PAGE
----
Qwikster? (James H. Collins/AP)

On Sunday night, the CEO of Netflix announced, in what may go down in history as the World’s Worst Apology Letter, that Netflix is sorry about doubling the price subscribers had to pay and, by the way, it is now dividing into two businesses, one to supply online video, the other — named Qwikster — to continue mailing you DVDs in red envelopes.

It’s the great Mitosis of 2011.

Netflix CEO Reed Hastings wrote:

I messed up. I owe everyone an explanation.

It is clear from the feedback over the past two months that many members felt we lacked respect and humility in the way we announced the separation of DVD and streaming, and the price changes. That was certainly not our intent, and I offer my sincere apology. I’ll try to explain how this happened.

... So we realized that streaming and DVD by mail are becoming two quite different businesses, with very different cost structures, different benefits that need to be marketed differently, and we need to let each grow and operate independently. It’s hard for me to write this after over 10 years of mailing DVDs with pride, but we think it is necessary and best: In a few weeks, we will rename our DVD by mail service to “Qwikster”.

We chose the name Qwikster because it refers to quick delivery. We will keep the name “Netflix” for streaming.

... Qwikster will be the same website and DVD service that everyone is used to. It is just a new name, and DVD members will go to qwikster.com to access their DVD queues and choose movies....

Some members will likely feel that we shouldn’t split the businesses, and that we shouldn’t rename our DVD by mail service. Our view is with this split of the businesses, we will be better at streaming, and we will be better at DVD by mail. It is possible we are moving too fast — it is hard to say.

As Rob McKaskill noted in the comments: “Breaking News: phone companies are separating the talking and listening services they offer. Now, you'll have one phone for talking and another for listening. This will make it simpler for users and allow the company to focus better on improving the two separate services. (They consulted with the New Coke developers to make these changes more appealing to the public.)”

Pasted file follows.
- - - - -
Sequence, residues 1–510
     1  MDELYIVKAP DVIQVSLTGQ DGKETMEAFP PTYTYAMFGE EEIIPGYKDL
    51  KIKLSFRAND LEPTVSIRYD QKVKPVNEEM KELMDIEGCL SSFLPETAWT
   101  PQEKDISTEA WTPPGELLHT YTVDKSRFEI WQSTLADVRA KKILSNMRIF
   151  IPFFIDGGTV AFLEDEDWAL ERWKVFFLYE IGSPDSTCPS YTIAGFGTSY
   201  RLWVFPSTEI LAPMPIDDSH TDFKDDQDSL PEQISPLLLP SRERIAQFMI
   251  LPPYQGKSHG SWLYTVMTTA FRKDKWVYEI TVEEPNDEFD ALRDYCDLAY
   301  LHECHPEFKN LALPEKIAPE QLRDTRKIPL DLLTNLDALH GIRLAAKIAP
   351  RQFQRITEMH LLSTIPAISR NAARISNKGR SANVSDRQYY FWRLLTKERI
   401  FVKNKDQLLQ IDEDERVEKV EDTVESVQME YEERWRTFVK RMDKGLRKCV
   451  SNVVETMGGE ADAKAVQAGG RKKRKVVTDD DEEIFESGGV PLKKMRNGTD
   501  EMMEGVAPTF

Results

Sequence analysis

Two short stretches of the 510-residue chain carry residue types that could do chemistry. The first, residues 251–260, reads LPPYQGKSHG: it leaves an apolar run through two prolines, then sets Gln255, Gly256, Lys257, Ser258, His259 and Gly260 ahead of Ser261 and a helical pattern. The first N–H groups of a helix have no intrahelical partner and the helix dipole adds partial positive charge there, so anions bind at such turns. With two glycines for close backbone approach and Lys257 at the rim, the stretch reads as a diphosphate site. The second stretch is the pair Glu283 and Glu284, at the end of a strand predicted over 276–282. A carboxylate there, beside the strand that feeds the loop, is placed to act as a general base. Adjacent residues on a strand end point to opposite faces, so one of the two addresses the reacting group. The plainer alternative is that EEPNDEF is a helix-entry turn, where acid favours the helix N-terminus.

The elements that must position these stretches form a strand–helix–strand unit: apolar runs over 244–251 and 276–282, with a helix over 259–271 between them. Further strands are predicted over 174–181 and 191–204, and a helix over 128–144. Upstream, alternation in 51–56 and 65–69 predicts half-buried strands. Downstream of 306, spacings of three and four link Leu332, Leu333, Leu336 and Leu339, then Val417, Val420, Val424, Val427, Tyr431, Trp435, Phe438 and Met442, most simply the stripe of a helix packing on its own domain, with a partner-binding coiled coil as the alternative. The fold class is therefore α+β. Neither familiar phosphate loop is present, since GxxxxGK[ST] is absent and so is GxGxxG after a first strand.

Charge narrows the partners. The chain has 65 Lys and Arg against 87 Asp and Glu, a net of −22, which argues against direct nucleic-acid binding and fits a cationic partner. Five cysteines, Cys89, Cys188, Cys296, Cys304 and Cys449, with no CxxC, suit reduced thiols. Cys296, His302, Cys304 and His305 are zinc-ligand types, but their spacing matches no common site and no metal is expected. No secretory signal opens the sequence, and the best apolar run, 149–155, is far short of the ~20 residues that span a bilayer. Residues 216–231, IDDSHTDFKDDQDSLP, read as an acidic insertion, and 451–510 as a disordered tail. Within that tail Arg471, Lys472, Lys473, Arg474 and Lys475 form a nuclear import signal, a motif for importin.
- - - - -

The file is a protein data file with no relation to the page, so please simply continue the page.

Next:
This about sums it up.

Here is what Hastings should have written.

Dear Netflix Customer,

We realized that DVDs by mail and streaming are quickly becoming two different businesses with different cost structures and different benefits (“watching movies” versus “watching movies”) that need to be marketed differently. Qwikster will be the same web site and DVD service that everyone is used to, except for the fact that it will be a different Web site.

Literally everyone who gets this e-mail will likely feel that we shouldn’t split the businesses, and that we shouldn’t rename our DVD by mail service. To them we say, “That’s fair.”

I understand how apologies work. An apology is what you write when you feel that you have done nothing wrong, and you want to tell people that you are about to add insult to injury by renaming your DVD-in-the-mail service Qwikster. We selected this name in case you were worried that Netflix was not actively trying to scare your business away. Qwikster is short for Quick, I Want To Come Up With A Stupid Name No One Will Be Able To Spell Or Remember. We chose it after long deliberations where we weeded out any name that didn’t sound like a dairyless creamer, illegal download service from the late ’90s or an awful virus that destroys your laptop’s memory.

We are trying to show the film industry that there is no demand for DVDs by mail so that they will start letting us stream things faster and with a better attitude. Your continued demand for DVDs by mail is not helping our case.

We tried pricing you out. That failed. Now we are trying to shame you out. Consider: Do you really have enough dignity to subscribe to something called Qwikster? We’ve even changed the logo. The image that appears on your Qwikster DVDs is a detailed line drawing of two nude figures engaged in an act forbidden in certain Southern states. Okay, it might not be, but can you afford to take the chance?

Stop renting DVDs by mail! We understand that the selection of DVDs we can mail you is still huge and the selection of online streaming is still, well, not huge, but trust us, if you watch “Megalodon vs. Steven Seagal 8” a third time, it’ll grow on you.

Don’t you realize that the Internet exists? Using the Internet to order DVDs by mail is like using the Internet to order books by mail — something a lot of people still do and are willing to pay for something that in 20 years will be the basis of a lot of robot stand-up routines. Don’t make us the laughingstock of the robots.

Please stop ordering DVDs by mail. Please.

Thank you,

Reed Hastings,

Netflix NOT Qwikster, Who Would Subscribe To Qwikster? It Sounds Lame, Am I Right? CEO